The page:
Open Letter to Congressman Kahele
As one of many Molokai residents who voted for you to represent us in Congress, I’m sad to hear that you not only voted for the nearly three quarters of a trillion-dollar FY 2022 U.S. military budget but also to increase it by an additional $24 billion. With so many issues facing Molokai and every island, I’m sure your voters could think of far better ways to use those funds. Don’t let the good work you’re doing for Hawaii be overshadowed by indebtedness to weapons manufacturers. You can win elections without them. Please learn from Afghanistan, Iraq, etc., a lesson we should have learned from Vietnam, Laos and Cambodia: no amount of money spent on instruments of death can translate into victory of any sort beyond Wall Street. There are simply no military solutions for problems facing the world today (many of which were created by the U.S. and its allies).
As veterans, you and I are aware how frivolously money is spent on war while profiteers line their pockets. After more than $2 trillion, thousands of lives lost, and 20 years of occupation, the Taliban are back in power. Pouring more money into the bottomless pit of modern warfare won’t make Hawaii, America or the world safer. Only understanding history and cultures beyond our own, and good-faith diplomacy, will.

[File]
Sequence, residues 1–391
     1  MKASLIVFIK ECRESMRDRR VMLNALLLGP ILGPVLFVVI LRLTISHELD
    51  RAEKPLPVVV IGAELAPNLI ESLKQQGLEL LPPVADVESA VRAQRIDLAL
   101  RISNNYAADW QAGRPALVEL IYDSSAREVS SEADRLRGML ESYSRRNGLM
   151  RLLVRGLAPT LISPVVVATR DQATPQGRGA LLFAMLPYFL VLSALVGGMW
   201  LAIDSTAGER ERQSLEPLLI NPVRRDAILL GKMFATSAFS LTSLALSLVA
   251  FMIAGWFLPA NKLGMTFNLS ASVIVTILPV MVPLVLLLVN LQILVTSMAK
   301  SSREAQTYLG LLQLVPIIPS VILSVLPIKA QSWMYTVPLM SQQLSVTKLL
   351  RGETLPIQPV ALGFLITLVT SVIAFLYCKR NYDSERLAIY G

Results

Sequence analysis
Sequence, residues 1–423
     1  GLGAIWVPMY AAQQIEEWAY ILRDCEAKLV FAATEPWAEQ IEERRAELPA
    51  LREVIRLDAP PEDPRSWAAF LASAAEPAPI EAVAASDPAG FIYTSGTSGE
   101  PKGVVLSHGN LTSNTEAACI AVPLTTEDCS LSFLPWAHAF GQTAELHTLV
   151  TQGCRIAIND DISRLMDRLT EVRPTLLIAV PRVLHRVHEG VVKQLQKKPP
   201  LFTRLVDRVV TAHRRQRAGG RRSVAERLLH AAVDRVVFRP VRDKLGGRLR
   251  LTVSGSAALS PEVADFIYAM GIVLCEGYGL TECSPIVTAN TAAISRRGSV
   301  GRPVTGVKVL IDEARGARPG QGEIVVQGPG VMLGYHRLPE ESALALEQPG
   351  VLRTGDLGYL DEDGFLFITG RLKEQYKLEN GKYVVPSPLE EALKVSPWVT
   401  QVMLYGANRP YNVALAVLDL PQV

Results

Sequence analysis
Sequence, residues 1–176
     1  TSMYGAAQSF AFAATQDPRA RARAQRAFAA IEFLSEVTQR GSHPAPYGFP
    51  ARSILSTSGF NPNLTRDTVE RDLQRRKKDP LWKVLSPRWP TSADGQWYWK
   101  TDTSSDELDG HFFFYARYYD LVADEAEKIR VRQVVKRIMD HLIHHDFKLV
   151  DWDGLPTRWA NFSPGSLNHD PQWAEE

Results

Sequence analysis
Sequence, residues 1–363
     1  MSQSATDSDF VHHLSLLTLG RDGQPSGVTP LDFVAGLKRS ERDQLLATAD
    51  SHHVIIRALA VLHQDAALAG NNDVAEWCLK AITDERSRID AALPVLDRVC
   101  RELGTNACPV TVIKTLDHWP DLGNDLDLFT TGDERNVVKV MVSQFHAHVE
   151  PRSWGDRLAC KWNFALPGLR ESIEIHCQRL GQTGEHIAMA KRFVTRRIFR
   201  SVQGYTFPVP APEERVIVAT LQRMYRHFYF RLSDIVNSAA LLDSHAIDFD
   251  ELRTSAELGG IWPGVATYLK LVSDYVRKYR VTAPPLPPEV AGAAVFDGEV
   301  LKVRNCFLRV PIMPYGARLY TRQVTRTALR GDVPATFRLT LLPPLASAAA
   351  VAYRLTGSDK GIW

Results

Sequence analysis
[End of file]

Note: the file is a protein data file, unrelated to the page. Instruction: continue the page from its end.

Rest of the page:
Be a voice of reason in Congress. Represent your constituents, not those tossing you breadcrumbs. Weapons makers don’t care about you, the people of Hawaii, or the dead from either side of any war anymore than they cared about Kaho’olawe. They care only about constantly increasing profits for their shareholders.
Moving the Pacific Fleet from San Diego didn’t make Hawaii safer. Nothing done today can be as beneficial for Hawaii as diplomacy. Not bigger weapons, not stronger missile defense, and not longer leases of sacred Hawaiian land. Please don’t help war profiteers paint an even bigger target on Hawaii’s back. Aim instead to demilitarize the Pacific Rim, if even just slightly. Please find the courage to do the right thing, even if it means a rockier road to higher office.
Jayson R. Mizula